I look forward to putting up the first Arkansas football trivia question of the summer come tomorrow in order to help us, in a small way, get through the toughest months for college football fans, June and July. Some ninety, long, hot days to go until the kickoff of the 2011 season. But like this time last year, there really has not been a shortage of college football news in the headlines, namely the unfolding saga going on in Columbus, Ohio.
The resignation / firing of Jim Tressel kicked off the summer on the traditional day of kicking off the summer, Memorial Day. Tressel is history at Ohio State and Terrelle Pryoris likely gone as well. Addition by substraction, it sounds like to me. Will it be a summer of continuing Ohio Scandal State news? Could be. Hey, it wouldn't surprise me to find out that Terrelle Pryor had sold one of Tressel's vests to Osama Bin Laden, and it was hanging in his closet when Seal Team Six landed there a few weeks ago, haha.
But what of the Arkansas angle in all this? Well, we do become the answer to the question of what was the last team Jim Tressel coached against at Ohio State. Some young Buckeye decades from now will have to drink a shot at a tailgate because he couldn't come up with "Arkansas" while his buddy remembered that "Clemson" was the last school Woody Hayes coached against before getting tossed for punching a player.
As an Arkansas fan, I feel like I've been punched several times since it was announced that Ohio State would be our opponent in the Sugar Bowl. First, the NCAA made its notorious decision to delay the punishment for the Tat-Five, so they could play in the bowl game. Would that likely have happened if the Tat-Five had been Arkansas players? Not likely. Second, there was the gut wrenching loss that the Hogs sustained in the game itself. Third, that one of the Tat-Five should have caught the interception that ended the game. Body blow! Fourth, it turns out that Tressel was just an outright liar when before the bowl game he acted surprised that his players had been selling and trading their memorabilia.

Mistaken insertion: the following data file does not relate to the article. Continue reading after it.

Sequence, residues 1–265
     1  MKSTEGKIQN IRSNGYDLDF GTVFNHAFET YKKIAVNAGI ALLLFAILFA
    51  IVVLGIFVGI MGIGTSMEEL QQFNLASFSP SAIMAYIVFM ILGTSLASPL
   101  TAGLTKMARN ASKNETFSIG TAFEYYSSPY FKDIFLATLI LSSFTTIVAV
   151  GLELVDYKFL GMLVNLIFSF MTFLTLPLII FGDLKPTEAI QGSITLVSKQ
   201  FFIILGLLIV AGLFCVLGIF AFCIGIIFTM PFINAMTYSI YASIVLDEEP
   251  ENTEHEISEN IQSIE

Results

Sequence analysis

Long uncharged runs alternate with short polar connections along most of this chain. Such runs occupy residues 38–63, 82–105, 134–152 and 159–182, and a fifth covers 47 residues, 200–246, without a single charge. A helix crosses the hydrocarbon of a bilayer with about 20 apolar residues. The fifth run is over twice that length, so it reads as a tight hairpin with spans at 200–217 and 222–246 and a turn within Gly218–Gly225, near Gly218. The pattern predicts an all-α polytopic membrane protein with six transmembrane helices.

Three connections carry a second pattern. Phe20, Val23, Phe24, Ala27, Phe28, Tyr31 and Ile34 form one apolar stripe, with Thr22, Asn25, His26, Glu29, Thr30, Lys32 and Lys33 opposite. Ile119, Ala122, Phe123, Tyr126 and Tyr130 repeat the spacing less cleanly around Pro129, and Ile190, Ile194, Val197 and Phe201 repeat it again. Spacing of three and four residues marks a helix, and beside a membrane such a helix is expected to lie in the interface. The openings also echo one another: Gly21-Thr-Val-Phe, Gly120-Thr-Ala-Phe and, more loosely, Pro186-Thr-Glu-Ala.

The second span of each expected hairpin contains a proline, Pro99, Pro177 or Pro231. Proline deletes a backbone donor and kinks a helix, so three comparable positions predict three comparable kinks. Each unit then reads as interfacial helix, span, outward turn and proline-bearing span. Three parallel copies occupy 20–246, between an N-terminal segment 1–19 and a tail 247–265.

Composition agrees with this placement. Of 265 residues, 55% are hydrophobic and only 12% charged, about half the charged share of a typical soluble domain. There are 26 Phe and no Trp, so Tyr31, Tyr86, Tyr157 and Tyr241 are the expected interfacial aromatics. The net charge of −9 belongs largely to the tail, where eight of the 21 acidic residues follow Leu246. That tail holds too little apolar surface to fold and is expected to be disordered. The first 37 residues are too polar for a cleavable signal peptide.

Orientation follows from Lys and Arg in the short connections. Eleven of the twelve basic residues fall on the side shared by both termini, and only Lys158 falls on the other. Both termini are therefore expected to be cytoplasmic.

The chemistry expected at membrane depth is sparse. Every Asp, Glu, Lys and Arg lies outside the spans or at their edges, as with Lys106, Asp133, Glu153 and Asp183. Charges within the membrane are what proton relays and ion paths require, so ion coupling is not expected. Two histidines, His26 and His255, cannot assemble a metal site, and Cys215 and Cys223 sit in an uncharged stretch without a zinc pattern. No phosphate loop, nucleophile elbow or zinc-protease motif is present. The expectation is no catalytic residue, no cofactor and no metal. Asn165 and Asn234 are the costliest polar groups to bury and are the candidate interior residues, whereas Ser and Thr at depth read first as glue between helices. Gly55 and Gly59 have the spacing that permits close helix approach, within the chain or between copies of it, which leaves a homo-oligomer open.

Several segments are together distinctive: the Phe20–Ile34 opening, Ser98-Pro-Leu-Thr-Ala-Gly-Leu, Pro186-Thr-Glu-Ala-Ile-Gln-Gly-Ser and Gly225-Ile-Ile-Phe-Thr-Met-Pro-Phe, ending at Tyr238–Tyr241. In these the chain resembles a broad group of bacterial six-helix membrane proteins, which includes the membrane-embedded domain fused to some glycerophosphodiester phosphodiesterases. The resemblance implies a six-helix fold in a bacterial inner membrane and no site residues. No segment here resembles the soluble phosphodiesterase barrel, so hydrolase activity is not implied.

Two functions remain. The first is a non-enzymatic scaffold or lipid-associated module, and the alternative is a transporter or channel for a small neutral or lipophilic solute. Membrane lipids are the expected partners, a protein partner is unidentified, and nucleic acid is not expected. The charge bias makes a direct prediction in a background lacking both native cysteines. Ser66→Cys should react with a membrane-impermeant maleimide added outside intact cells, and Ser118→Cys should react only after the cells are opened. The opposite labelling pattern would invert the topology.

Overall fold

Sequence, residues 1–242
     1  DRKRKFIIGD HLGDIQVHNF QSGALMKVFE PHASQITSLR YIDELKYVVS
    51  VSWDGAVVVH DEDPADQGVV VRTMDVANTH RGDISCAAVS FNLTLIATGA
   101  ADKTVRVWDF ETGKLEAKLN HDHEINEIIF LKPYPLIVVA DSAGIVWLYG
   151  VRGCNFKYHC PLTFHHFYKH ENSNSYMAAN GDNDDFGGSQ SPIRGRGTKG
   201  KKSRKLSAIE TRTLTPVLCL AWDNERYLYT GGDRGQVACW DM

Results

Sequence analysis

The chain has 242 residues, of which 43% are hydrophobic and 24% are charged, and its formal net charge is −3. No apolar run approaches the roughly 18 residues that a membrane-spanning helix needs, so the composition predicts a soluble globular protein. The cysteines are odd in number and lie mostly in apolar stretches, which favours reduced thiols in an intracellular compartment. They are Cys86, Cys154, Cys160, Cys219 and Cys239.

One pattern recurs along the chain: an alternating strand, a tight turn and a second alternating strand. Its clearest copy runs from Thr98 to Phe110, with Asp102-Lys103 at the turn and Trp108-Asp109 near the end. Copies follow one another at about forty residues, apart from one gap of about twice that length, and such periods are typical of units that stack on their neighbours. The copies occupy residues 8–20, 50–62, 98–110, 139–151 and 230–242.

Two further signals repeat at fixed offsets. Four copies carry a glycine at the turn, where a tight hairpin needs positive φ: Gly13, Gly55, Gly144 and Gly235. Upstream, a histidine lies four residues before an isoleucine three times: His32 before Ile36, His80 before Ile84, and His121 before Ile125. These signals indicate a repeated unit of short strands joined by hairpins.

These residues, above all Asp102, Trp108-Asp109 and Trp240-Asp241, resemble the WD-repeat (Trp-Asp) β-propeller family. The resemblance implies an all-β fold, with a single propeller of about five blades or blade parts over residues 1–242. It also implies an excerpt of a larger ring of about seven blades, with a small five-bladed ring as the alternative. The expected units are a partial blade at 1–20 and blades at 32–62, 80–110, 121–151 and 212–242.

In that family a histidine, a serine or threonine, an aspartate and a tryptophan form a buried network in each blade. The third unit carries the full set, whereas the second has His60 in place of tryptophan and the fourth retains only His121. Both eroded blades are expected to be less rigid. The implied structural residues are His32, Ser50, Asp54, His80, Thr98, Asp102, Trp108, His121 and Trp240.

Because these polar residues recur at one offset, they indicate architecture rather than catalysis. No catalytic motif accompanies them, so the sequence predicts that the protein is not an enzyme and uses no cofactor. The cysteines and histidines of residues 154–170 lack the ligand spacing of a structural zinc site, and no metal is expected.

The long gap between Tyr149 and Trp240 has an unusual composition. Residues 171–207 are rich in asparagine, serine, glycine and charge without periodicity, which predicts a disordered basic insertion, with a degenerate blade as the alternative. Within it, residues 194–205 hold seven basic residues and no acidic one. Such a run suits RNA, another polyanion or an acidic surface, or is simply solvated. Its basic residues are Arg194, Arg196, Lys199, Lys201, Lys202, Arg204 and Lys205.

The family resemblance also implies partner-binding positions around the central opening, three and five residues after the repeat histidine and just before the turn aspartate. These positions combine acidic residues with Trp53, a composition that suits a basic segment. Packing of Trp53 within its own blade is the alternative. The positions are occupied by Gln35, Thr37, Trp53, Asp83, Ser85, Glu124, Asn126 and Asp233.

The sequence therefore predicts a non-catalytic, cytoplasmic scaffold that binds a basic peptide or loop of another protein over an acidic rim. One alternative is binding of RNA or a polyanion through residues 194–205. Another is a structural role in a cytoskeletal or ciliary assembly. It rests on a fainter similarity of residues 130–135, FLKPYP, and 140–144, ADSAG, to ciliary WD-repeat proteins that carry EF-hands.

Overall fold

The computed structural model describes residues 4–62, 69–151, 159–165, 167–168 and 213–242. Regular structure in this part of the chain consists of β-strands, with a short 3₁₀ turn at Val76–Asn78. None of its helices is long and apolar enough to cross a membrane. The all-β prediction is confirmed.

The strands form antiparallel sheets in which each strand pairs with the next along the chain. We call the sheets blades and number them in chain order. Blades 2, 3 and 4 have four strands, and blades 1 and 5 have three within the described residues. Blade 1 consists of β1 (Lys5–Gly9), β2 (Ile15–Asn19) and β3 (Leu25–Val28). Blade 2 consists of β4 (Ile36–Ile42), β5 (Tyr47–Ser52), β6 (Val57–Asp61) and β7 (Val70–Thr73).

He had an opportunity to play the Sugar Bowl on an even field by suspending those players and himself for the actions they all took, but he refused to let the game be played as eligible players vs. eligible players. With an obvious lack of comprehension of how nothing is ever lost on a computer's hard-drive, he thought he could get away with his coverup and went ahead and coached a game he should not have been eligible to coach himself.
The last reason is why I think Arkansas has a good case for the Sugar Bowl being vacated in the record books. The Tat-Five got their permission to play in the game, but if the NCAA knew at the time that the coach on the sidelines had lied to them about player eligibility, I doubt even they would have given their blessing for Tressel to coach the game. And I doubt the Sugar Bowl reps would have wanted a confessed cheater coaching on the sidelines either. That probably would have been even too much for them, though I admit I don't know the Sugar Bowl aristocracy personally.
Nixon tapped himself out of office, and Tressel apparently didn't understand that "delete" doesn't really mean "delete" these days. And we can't ever erase the memory that last January Ohio State did beat our Hogs in the Sugar Bowl. But it looks like they sold their soul in order to do it with a "win at all costs" mentality. Though I am not saying Arkansas is a team that is incapable of ever getting into serious NCAA trouble, I do as I write take pride in the fact that one of the biggest Arkansas wins came after we suspended players for a bowl game. Thanks, Lou, for doing the right thing. If Tressel had done so from the start, he would still have a job and his honor, if not a Sugar Bowl trophy.